Bermudians Against the Draft lose their court case
Three Bermuda Regiment conscripts yesterday lost their battle to get their mandatory military service outlawed.
The Supreme Court rejected an application from Bermudians Against the Draft (BAD) campaigners Jamel Hardtman and brothers Larry Jr and Lamont Marshall.
The men have lost previous court cases based on human rights arguments, including an attempt to take their fight against conscription to the Privy Council in London in February last year.
Their lawyer Eugene Johnston maintained that the group’s “core belief” was that conscription went against a person’s right to choose what they do and how they devote their time.
Puisne Justice Norma Wade-Miller said in order for that complaint to be valid the applicants needed to make their beliefs known by appearing before the Defence Exemption Tribunal (DET).
Mr Johnston also argued that the BAD members were “aware of a plethora of atrocities that took place in the Regiment and they don’t wish to be placed in the circumstances where that is possible.”
He said both Larry Jr and Lamont Marshall and Mr Hardtman were held in confinement in a cell with poor conditions.
Mr Hardtman was also arrested in public and taken from his job when the Regiment knew he was a conscientious objector, said Mr Johnston.
Accordiing to Mrs Justice Wade-Miller, authorities believe that ill treatment has to fall “within a minimum level of severity” to qualify as being inhumane or degrading.
She said that in her assessment, the applicant’s complaint did not go against the Constitution.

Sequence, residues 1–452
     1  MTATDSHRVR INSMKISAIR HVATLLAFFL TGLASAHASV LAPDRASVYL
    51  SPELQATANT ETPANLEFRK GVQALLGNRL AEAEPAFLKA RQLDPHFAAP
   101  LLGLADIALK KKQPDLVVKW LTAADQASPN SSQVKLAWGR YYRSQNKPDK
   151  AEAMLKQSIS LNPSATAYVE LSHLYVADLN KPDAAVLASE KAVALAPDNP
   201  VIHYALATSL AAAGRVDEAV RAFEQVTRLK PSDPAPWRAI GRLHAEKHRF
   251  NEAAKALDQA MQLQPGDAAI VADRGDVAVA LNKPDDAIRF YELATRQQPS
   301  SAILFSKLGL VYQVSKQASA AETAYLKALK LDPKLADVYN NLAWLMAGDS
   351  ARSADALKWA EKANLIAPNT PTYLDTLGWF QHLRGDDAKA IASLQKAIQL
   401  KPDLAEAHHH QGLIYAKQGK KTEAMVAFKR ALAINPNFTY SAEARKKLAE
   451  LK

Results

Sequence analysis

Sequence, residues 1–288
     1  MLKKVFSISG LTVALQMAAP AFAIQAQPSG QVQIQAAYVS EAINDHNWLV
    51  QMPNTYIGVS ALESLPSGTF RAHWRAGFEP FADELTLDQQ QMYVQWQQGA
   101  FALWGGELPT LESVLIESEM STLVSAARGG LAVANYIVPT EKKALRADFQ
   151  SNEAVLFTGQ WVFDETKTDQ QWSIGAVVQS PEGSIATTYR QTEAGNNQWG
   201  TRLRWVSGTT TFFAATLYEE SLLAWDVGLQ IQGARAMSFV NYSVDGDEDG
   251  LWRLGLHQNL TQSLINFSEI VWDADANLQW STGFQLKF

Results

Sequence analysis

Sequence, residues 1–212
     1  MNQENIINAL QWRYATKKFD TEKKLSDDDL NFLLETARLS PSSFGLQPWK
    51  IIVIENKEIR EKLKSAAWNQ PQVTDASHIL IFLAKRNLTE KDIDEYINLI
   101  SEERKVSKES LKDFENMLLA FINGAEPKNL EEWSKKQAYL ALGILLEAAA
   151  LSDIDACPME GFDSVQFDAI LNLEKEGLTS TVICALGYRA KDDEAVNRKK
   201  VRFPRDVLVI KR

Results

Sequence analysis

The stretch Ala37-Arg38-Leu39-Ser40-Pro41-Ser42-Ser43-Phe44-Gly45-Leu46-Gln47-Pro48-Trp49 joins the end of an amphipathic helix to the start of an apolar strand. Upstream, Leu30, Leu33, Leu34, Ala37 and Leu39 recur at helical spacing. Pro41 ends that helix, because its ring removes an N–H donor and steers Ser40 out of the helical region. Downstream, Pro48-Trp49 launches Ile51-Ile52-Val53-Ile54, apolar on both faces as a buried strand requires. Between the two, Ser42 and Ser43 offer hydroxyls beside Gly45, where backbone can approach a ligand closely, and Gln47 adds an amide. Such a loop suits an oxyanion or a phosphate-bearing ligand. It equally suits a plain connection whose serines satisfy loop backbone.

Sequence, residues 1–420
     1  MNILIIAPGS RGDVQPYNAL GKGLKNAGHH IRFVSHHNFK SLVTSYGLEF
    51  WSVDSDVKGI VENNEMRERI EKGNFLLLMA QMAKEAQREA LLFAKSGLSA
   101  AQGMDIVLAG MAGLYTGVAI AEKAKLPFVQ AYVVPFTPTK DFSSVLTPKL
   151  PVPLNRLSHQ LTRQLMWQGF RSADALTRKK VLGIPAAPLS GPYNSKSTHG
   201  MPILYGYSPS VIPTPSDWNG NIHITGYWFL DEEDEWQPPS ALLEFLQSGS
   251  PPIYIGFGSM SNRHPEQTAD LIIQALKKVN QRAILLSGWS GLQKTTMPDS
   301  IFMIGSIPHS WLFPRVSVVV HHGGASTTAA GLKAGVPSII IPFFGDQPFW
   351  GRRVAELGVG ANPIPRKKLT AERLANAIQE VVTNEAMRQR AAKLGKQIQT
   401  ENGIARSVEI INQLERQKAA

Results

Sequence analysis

In total, the BAD members gave six reasons for why they should not be expected to serve:
n Their right to be protected from forced labour was violated.
n The Exemption Tribunal was not an independent tribunal and was biased in that its membership includes high ranking Regimental officers who were appointed by the Governor.
n Their right to believe whatever they wish and to manifest that belief was violated.
n They were deprived of their liberty.
n Lamont Marshall should have been discharged as he had served his time.
n Considering all things that have taken place, the Bermuda Regiment has subjected them to inhumane or degrading treatment.
Mrs Justice Wade-Miller dismissed all six arguments and said: “Before concluding I would add that all the material before me was given full consideration and the fact that any item may not have been mentioned does not mean it was not given due consideration for these reasons the Constitutional application fails.”
Mr Johnston could not comment on his client’s behalf, but said his instructions were that they would be appealing the ruling.
Larry Jr and Lamont Marshall and Mr Hardtman are understood to be off the Island and could not be reached for comment last night.
Police identify shooting victim
Union: teachers back in school tomorrow
Obesity: the hidden costs
Man attacks girlfriend’s mother over parking
Storm force gusts overnight
Concert promoter puts tickets on blockchain
Frederick “Penny” Bean (1936-2018)
Pensions rise from January
Take Our Poll